A Long Way From Home: A Novel

By Peter Carey. The award-winning author of Amnesia finds a speed-loving woman, her car salesman husband and a thrill-seeking quiz-show champion entering a dangerous race that circumnavigates the natural obstacles of 1954 Australia.

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Eat the Apple: A Memoir

By Matt Young. A combat veteran and writing instructor traces the darkly comic story of his youth and masculinity as they were shaped in an age of continuous war, describing how he joined the Marines as a way to temper his reckless nature before enduring three Iraq deployments.

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The Great Halifax Explosion: A World War I Story of Treachery, Tragedy, and Extraordinary Heroism

By John U. Bacon. A gripping account of the world’s largest man-made explosion before the atomic bomb describes the events that led to the catastrophic igniting of the French freighter Mont-Blanc in 1917 Halifax, killing and wounding thousands while leading to advances inmedicine and weapons science.

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Code Girls: The Untold Story of the American Women Code Breakers of World War II

By Liza Mundy. Documents the pivotal contributions of more than 10,000 American women who served as codebreakers during World War II, detailing how their efforts shortened the war, saved countless lives and enabled their subsequent careers, in an account that also reveals the strict practice of secrecy that nearly erased their efforts from history.

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Alone: Britain, Churchill, and Dunkirk: Defeat into Victory

By Michael Korda.

“Combining epic history with rich family stories, Michael Korda chronicles the outbreak of World War II and the great events that led to Dunkirk. In an absorbing work peopled with world leaders, generals, and ordinary citizens who fought on both sides ofWorld War II, Alone brings to resounding life perhaps the most critical year of twentieth-century history. For, indeed, May 1940 was a month like no other, as the German war machine blazed into France while the supposedly impregnable Maginot Line crumbled, and Winston Churchill replaced Neville Chamberlain as prime minister in an astonishing political drama as Britain, isolated and alone, faced a triumphant Nazi Germany. Against this vast historical canvas, Michael Korda relates what happened and why, and also tells his own story, that of a six-year-old boy in a glamorous movie family who would himself be evacuated. Alone is a work that seamlessly weaves a family memoir into an unforgettable account of a political and military disaster redeemed by the evacuation of more than 300,000 men in four days–surely one of the most heroic episodes of the war. “The incredible, almost miraculous story of what happened at Dunkirk in the year 1940–and why–is unfolded in Alone with great narrative skill and superb delineation of a highly interesting cast of characters, including, importantly, the author himself and his own remarkable family.” — David McCullough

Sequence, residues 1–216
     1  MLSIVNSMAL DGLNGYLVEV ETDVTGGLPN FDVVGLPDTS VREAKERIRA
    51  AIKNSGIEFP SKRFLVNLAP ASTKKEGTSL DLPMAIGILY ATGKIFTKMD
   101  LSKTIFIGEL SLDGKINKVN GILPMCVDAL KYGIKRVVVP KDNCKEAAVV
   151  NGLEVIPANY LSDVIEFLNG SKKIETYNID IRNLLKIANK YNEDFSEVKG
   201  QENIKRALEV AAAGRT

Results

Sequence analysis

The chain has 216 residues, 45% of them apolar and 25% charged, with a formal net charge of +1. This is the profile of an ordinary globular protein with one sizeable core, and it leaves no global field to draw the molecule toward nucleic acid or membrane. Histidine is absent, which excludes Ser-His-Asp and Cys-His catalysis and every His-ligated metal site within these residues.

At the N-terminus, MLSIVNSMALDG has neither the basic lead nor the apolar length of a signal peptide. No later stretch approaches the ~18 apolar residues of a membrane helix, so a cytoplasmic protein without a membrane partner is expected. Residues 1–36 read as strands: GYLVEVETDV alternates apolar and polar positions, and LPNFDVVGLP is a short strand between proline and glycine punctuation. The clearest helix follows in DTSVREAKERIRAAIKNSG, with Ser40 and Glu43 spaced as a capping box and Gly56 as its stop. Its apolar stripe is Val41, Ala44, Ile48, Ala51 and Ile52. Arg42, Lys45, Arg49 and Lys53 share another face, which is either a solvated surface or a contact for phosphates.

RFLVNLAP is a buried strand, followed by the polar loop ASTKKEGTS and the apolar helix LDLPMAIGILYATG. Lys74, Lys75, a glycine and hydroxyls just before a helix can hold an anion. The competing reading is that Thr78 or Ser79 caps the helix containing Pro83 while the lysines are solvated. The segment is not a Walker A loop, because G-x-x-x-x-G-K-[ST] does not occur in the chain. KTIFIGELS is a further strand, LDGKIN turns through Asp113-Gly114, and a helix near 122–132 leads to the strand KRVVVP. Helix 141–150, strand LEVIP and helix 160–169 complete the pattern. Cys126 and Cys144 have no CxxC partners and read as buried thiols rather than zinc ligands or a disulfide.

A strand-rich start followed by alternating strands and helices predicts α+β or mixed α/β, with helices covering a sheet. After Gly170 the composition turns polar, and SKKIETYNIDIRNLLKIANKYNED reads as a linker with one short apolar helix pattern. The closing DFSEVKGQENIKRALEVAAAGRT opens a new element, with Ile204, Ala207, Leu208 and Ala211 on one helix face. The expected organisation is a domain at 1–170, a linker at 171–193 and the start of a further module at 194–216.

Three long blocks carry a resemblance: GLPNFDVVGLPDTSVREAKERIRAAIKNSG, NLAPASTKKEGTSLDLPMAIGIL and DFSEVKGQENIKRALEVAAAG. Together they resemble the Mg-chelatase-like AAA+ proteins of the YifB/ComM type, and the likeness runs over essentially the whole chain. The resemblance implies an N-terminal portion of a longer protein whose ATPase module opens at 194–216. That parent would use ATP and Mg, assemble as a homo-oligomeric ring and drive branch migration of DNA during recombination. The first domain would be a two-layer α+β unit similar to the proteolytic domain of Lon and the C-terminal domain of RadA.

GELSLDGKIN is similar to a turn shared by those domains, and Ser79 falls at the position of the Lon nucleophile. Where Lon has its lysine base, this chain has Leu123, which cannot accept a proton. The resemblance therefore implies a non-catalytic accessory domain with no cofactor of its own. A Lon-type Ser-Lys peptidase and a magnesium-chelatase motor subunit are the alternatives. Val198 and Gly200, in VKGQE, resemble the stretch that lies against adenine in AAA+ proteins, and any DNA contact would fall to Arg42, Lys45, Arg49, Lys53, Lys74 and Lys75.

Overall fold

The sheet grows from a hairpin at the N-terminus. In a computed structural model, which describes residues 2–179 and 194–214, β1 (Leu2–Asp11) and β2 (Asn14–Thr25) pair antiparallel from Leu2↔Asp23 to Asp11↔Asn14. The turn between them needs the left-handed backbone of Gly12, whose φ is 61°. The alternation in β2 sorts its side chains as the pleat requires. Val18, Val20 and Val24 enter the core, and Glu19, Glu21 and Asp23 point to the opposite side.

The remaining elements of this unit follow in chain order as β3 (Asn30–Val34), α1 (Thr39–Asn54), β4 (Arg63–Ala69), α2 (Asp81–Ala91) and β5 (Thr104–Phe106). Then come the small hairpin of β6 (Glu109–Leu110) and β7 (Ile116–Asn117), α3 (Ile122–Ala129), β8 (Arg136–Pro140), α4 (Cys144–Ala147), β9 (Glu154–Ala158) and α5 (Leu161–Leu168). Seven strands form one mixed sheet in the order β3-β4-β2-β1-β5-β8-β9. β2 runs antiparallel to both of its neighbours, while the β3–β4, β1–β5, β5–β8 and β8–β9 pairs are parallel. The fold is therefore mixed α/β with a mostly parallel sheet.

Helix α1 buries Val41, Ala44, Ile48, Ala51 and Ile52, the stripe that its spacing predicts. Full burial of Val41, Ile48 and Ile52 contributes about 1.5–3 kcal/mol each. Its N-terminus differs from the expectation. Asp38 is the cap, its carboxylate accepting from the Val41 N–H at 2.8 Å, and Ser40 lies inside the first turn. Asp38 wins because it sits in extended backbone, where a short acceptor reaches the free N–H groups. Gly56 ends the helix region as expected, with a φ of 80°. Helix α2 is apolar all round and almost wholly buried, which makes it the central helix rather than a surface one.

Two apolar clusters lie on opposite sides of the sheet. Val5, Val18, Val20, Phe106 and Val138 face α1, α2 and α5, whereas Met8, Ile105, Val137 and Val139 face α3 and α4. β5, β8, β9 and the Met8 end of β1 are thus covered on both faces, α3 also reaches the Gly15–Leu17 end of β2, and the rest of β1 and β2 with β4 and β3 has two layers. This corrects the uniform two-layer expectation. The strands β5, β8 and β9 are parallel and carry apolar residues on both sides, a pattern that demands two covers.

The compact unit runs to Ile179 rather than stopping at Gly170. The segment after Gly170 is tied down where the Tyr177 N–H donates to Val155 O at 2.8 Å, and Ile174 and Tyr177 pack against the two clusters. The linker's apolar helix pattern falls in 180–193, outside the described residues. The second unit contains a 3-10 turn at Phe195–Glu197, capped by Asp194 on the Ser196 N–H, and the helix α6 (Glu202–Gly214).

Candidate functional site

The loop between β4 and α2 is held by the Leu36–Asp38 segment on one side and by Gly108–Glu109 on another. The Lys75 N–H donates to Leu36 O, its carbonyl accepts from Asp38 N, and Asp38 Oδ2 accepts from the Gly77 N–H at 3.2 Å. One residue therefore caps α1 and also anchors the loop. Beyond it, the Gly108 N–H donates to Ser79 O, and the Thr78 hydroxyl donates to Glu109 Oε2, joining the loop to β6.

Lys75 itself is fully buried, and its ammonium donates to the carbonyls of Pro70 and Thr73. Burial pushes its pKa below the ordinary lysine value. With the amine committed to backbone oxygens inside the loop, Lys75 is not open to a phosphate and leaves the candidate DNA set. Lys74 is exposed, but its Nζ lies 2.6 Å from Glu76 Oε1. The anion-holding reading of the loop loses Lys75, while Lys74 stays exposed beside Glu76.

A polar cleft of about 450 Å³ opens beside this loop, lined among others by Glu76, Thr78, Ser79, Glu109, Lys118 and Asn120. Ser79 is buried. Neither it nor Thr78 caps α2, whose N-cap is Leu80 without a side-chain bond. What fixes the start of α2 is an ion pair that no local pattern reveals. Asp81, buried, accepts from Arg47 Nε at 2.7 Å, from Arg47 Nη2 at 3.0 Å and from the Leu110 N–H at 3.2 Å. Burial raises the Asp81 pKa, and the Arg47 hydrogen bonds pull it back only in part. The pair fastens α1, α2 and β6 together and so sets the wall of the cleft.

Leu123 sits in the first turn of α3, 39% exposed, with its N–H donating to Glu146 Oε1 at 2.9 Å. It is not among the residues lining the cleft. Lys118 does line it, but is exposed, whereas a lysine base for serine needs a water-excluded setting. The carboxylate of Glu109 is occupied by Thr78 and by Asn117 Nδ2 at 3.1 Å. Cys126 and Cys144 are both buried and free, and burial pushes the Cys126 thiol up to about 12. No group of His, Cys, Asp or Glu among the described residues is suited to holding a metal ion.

The Radium Girls: The Dark Story of America’s Shining Women

By Kate Moore.

The incredible true story of the women who fought America’s Undark danger

The Curies’ newly discovered element of radium makes gleaming headlines across the nation as the fresh face of beauty, and wonder drug of the medical community. From body lotion to tonic water, the popular new element shines bright in the otherwise dark years of the First World War.